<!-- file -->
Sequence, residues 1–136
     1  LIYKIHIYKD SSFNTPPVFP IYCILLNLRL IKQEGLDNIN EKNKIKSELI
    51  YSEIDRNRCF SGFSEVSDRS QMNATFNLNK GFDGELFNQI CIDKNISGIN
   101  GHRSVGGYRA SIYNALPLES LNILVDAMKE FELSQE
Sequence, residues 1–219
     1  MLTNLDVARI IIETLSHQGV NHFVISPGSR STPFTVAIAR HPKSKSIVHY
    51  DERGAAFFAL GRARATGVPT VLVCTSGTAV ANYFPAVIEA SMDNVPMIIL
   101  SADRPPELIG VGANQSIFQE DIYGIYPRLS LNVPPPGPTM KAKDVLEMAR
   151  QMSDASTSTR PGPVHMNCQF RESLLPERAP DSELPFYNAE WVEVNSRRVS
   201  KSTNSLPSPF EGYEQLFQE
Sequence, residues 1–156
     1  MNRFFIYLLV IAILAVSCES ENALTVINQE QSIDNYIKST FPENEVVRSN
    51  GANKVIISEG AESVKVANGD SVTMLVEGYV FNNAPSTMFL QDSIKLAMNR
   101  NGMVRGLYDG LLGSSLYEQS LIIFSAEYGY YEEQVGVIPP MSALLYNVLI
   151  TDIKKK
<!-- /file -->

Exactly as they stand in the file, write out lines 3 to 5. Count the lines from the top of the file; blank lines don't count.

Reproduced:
    51  YSEIDRNRCF SGFSEVSDRS QMNATFNLNK GFDGELFNQI CIDKNISGIN
   101  GHRSVGGYRA SIYNALPLES LNILVDAMKE FELSQE
Sequence, residues 1–219